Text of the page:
Waylon and Pangea Organics founder (and his former neighbor) Josh Onysko, 2006.
Christians may be excused if they look upon 2006 as a dark time: for pride, envy, gluttony, lust, anger, greed, and sloth are in rampant excess, for sale at every 7-11, as seen on TV.
Those heathens, the Buddhists, couldn’t agree more. They call this ‘the dark age,’ when even devoted ‘warriors’ for peace and gentleness are losing heart. One of the signs of this ‘dark age,’ it’s said, is a lack of respect for one’s elders (reverence is a value particularly pronounced in Confucianism, the Tao, and Tibetan Buddhism—three ways of life that, less than welcome in their native country, survive primarily in $90 textbooks that college freshman have to, but don’t, read).
I grew up as an only child with a single mom. I had to teach myself (ow!) how to shave. I had to rough and tumble my way into respek (Ali G) on the basketball court and baseball diamond (having skipped a grade, I was a little runt).
Oh, my mom made sure I had good father figures in my life. First among these was Sergeant Willy Ryken, a hard-living, ever-smiling Vietnam Vet/Buddhist drill instructor, who taught me how to be a (gentle)man—how to give up my pride, again and again (a lesson I’ve learned incredibly well, thank you). But I never felt comfortable around authority. I was the brash, demonstrative, insecure Icarus who always wanted approval, and never felt like I got it.
I thought Cary Grant was suave & funny, and Errol Flynn the kinda naughty yet noble hero I wanted to be like, someday, sweeping Lady Marian off her feet. Toshiro Mifune & Groucho Marx filled out my top 10. I loved my parent’s Buddhist teacher, Chögyam Trungpa—but frankly, he was so slow-moving (he was half-paralyzed) and slow-talking that he bored me. I much preferred his Regent, the charismatic Ösel Tendzin, who always made sure that the children in his Buddhist talks understood what he was talking about and enjoyed themselves. And I particularly loved the Karmapa, who, equal in the Tibetan Buddhist world to the Dalai Lama, was nevertheless happiest when talking and playing with little punk kids like myself. The Big Man in the Big Hat, I called him. But Dave Winfield and Magic Johnson were at the top of my shrine—and somehow, they always played particularly well whenever I watched, in fervent reverence.
So what’s the point? We all still have our hero(in)es. There’s plenty of respect left in the world. As Uma once said, some of us love Elvis, and some of us love the Beatles. Some are fascinated with Jennifer Aniston, Brangelina, Paris. But no matter how pedestrian our affections, the intensity and joy with which we follow our idols’ every move—every expression—is a precious thing. It means we’re open to change, even if just in our hairstyle.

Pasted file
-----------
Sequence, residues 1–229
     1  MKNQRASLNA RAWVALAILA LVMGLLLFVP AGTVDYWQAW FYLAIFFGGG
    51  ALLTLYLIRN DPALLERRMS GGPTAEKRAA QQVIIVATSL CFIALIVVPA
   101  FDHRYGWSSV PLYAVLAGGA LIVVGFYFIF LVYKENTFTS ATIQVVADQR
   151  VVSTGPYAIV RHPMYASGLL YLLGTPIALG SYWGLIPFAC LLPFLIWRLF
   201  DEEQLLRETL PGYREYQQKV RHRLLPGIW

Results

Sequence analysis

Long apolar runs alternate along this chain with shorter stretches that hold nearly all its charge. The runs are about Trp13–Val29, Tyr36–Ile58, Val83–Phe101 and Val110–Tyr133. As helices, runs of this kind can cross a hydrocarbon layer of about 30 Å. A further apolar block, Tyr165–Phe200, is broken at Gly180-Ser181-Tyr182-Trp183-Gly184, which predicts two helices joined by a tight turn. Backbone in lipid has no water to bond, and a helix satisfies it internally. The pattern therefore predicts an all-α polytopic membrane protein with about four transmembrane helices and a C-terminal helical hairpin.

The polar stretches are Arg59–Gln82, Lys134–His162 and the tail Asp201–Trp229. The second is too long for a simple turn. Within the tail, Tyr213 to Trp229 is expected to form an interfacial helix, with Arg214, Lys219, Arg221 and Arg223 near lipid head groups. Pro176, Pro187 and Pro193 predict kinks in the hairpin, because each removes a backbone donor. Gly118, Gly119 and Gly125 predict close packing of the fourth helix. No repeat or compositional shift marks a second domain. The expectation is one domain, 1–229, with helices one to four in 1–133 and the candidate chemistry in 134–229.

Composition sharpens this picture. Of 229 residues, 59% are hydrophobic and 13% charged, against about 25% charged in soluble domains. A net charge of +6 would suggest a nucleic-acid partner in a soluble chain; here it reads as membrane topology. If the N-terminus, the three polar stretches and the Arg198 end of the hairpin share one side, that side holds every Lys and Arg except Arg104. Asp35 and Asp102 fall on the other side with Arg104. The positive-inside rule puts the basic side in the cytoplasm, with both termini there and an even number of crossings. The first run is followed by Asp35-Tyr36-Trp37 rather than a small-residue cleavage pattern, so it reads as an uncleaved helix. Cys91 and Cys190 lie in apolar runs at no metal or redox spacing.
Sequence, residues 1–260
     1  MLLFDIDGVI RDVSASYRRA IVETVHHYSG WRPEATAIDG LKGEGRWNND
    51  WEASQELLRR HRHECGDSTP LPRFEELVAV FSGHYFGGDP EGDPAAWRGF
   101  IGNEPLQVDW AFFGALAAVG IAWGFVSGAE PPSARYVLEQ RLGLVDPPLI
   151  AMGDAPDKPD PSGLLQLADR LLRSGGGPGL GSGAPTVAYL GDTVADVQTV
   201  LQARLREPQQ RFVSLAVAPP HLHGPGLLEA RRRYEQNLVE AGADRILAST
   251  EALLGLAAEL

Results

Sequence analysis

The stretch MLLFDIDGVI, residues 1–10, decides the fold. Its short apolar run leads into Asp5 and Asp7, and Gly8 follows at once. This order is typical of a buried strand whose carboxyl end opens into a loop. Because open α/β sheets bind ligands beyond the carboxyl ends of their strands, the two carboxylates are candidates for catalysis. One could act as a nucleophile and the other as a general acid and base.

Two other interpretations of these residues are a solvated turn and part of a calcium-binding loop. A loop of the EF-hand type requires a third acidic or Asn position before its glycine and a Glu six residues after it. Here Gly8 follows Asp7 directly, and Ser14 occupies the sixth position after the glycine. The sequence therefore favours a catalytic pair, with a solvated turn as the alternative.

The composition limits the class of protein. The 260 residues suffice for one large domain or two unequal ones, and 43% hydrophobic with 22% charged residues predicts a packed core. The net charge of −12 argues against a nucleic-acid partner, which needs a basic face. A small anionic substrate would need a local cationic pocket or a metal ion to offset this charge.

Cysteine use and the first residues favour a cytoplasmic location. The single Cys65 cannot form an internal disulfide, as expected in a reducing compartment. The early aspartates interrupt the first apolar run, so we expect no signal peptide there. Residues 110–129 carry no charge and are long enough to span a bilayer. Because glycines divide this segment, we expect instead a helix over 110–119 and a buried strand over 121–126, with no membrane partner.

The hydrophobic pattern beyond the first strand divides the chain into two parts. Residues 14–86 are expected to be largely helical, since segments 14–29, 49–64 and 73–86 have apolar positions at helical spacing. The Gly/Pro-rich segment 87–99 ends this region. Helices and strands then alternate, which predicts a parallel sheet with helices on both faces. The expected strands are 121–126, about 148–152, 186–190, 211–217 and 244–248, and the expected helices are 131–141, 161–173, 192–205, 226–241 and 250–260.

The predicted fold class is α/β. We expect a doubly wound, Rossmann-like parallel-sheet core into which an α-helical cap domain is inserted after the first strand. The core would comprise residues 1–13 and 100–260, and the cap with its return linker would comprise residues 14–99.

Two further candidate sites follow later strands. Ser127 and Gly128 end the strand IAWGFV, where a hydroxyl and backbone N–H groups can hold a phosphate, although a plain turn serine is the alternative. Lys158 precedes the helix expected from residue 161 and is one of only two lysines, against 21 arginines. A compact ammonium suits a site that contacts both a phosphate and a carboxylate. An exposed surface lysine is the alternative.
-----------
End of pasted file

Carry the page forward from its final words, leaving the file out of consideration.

Now that I’m all grown-up, my Magic and Winfield (and Elle MacPherson) posters are down—Clooney, Jon Stewart, and RFK Jr. have taken their place. Bill McDonough and Yvon Chouinard are up there with Georg Feuerstein and Alice Waters, Pema Chödron, Paul Hawken, Jonathan Rose, Richard Freeman, and Cyndi Lee. I’m one of the few remaining to find a breath of fresh air and integrity in Howard Dean, and I join many in respecting John McCain. Franti rocks my boat; Gary Snyder is my kinda sage; Reggie Ray and Ken Wilber light up my dark brain like a roman candle. Newman and Redford, having taught me more about being a man than my old man, remain on the list—for they’ve leveraged their fame, through Newman’s Own and Sundance, for the benefit of others.
Christian or Muslim, rich or poor, straight and/or gay—we all just want to be happy. Well, Buddhists say the secret is to stop thinking about yourself all the time. Oh, you can still buy yourself elegant clothes and eat good food. We’re not talking Mother Theresa, here. You don’t have to be the Lord Jesus Christ or Thoreau or Gandhi or MLK, Jr. or Thich Nhat Hanh or the Dalai Lama. That kind of self-sacrifice is a helpful example for the rest of us—these are the kinds of heroes we need in this dark age—but no.
We’re talking about something as simple as bothering to recycle that torn envelope or bicycling to work or meditating two minutes each morn and eve or supporting your local mom n’pop instead of Targét. We’re talking about brightening up this dark age, day by day, in little ways, by trying to mind our every action. And that, I’ve found, is a more joyful way to live. The Mindful Life, I call it. You can call it whatever you like.
Yours in the Vision of Enlightened Society,
Waylon Lewis, editor-in-chief